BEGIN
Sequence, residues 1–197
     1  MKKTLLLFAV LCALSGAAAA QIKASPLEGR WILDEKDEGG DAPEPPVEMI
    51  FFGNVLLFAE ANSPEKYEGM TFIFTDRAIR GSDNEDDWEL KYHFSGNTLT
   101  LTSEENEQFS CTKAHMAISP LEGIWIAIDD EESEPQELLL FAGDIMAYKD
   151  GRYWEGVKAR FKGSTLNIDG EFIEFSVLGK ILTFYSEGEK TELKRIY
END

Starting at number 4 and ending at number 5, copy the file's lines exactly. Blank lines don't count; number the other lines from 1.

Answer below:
   101  LTSEENEQFS CTKAHMAISP LEGIWIAIDD EESEPQELLL FAGDIMAYKD
   151  GRYWEGVKAR FKGSTLNIDG EFIEFSVLGK ILTFYSEGEK TELKRIY